1CON = 55% corn and 5% untreated ground corn stover on DM basis (corn control); BGCS = corn stover hydrated to 50% moisture and treated with 5% CaO; 5 EXCS = corn stover hydrated to 50% moisture, treated with 5% CaO, and then extruded; 4,1 EXCS = corn stover hydrated to 50% moisture, treated with 4% CaO and 1% NaOH, and then extruded; 3,2 EXCS = corn stover hydrated to 50% moisture, treated with 3% CaO and 2% NaOH, and then extruded. All extruded corn stover blends were processed using a dual-shafted, encased processor (Readco Kurimoto Continuous Processor, York, PA).
2T = main effect of dietary treatment; T × H = interaction of dietary treatment × hour.
3Time postfeeding (h).
4A:P = ratio of acetate to propionate.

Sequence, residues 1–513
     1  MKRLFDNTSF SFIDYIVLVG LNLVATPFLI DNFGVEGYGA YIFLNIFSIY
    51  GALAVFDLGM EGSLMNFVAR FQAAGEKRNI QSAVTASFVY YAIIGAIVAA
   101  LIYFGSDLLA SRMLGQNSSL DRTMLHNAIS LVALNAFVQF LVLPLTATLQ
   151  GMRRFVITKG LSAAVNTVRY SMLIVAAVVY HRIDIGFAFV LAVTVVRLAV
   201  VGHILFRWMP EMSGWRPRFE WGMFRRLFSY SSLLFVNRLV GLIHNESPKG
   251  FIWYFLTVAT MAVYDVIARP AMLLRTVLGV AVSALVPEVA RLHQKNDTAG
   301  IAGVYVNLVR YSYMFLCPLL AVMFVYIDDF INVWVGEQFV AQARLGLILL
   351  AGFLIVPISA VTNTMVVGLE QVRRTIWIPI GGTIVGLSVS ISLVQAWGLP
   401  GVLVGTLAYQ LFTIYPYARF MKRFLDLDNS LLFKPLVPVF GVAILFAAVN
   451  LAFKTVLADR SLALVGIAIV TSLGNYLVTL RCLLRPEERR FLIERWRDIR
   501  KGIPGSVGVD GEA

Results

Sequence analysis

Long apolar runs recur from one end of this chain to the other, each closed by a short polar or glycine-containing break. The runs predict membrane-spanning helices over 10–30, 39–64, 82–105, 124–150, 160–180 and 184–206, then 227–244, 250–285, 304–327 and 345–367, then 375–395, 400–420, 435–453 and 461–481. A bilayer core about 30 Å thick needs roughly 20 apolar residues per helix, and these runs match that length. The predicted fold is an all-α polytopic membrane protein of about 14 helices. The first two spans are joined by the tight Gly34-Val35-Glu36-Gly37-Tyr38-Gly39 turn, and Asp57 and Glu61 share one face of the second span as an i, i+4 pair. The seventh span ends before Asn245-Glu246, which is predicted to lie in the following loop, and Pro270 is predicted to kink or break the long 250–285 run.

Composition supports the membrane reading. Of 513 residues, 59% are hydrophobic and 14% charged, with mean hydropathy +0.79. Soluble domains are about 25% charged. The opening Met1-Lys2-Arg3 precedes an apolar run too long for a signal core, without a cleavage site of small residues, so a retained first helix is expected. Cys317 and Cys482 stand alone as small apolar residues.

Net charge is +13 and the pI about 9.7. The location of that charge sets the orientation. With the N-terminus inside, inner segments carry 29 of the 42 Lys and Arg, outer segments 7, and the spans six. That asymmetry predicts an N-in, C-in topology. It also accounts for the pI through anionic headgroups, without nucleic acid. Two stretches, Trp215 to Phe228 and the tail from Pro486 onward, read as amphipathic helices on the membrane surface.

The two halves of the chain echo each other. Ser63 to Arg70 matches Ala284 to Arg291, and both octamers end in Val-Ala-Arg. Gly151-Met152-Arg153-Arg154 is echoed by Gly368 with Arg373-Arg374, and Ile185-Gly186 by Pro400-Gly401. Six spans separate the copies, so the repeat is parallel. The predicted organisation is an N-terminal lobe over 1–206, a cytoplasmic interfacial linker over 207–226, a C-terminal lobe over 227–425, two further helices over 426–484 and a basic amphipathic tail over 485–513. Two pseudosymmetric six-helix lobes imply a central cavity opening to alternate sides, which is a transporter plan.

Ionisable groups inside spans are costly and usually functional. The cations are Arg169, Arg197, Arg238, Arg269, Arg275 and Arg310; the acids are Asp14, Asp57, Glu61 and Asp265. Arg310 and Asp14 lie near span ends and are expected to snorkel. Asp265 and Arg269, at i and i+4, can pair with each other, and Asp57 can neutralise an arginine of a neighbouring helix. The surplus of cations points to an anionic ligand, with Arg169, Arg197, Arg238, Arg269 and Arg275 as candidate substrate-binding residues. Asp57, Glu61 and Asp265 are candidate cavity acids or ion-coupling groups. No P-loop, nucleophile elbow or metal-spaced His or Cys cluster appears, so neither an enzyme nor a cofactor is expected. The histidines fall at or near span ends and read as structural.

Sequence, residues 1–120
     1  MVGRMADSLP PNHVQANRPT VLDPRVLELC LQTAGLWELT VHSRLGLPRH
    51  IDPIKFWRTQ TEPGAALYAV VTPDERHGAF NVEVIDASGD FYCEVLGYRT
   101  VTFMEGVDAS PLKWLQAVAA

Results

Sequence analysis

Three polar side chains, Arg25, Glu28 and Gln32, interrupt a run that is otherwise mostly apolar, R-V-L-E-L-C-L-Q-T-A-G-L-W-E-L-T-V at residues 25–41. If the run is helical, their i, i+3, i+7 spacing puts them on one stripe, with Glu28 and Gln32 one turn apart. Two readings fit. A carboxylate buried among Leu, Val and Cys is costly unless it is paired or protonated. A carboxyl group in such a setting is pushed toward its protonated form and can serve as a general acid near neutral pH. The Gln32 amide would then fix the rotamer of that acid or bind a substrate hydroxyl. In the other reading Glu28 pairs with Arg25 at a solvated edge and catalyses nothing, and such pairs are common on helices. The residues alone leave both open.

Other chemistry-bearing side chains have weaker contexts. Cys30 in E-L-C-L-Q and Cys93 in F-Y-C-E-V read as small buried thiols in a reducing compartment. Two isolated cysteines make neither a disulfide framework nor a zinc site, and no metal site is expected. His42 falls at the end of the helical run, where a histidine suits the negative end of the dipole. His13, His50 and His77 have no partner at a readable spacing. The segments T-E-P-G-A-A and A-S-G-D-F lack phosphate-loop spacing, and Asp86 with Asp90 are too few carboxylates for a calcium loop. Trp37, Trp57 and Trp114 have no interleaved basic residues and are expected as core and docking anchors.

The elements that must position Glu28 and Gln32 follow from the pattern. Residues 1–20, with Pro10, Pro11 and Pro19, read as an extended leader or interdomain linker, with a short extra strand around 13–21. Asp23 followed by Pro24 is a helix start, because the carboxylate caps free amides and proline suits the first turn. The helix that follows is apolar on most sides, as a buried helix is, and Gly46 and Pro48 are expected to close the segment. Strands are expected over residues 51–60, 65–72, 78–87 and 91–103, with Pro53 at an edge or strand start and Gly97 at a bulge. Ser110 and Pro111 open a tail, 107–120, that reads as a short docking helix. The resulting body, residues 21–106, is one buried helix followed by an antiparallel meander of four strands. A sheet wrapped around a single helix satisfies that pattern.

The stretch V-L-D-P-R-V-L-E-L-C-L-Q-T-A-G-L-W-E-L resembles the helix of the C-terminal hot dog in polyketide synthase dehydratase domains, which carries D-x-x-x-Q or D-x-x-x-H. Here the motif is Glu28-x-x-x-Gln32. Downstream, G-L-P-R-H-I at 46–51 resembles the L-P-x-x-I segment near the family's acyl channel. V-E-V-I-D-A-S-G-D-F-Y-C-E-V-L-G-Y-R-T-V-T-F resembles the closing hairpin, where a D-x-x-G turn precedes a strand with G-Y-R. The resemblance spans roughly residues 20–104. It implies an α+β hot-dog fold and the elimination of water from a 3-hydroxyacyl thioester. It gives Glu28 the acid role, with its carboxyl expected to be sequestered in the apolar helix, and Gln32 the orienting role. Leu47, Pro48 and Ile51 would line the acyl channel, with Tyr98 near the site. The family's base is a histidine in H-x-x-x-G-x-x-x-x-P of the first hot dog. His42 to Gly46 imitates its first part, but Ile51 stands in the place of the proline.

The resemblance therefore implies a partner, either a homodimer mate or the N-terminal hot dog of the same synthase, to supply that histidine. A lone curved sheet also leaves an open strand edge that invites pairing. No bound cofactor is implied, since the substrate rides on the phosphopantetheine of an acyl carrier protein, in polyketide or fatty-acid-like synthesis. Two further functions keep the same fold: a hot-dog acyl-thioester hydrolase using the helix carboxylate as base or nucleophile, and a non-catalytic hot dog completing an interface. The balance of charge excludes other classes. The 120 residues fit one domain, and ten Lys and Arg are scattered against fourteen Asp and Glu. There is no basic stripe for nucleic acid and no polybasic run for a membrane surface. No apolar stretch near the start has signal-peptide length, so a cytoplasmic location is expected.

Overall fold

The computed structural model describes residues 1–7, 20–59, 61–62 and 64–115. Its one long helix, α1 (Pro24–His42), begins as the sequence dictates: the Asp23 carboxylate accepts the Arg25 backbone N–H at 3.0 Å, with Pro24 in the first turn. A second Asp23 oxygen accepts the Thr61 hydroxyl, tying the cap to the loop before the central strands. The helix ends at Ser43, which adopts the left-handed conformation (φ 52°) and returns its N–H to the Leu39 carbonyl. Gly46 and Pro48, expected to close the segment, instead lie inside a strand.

There was a significant effect of treatment (P = 0.01) for total VFA concentration. Furthermore, there was a time × treatment interaction (P < 0.01) for acetate:propionate (A:P) ratio. Steers fed CON had the lowest A:P ratio when compared with cattle fed the treated CS diets. At 0 h, the A:P ratio for cattle fed all treated CS diets was greater than the A:P ratio of cattle fed CON, but by 3 and 6 h postfeeding, the A:P ratio for cattle fed treated CS diets had decreased and did not differ from the A:P ratio for cattle fed the CON diet. All of these VFA effects were driven by the shift in acetate, as there was no effect (P = 0.31) of treatment on propionate concentrations. Although a previous report (Shreck et al., 2013a) also noted no changes in propionate concentrations when feeding CaO-treated CS, they also did not find any differences in mean acetate concentrations between their CaO-treated CS diet and their control diet (60.3 vs. 57.7 mM); however, they did note that VFA concentrations were reduced in cattle fed the treated CS diet compared with those fed the control diet. In their study, VFA samples were measured every 3 h and were composited from 3 to 15 h postfeeding, which may explain the lower total concentrations of VFA compared with those in our study, which measured VFA concentration only from 0 to 6 h postfeeding. The increase in total VFA concentrations among steers fed treated CS diets is a reasonable explanation for the reduced ruminal pH observed in the present trial.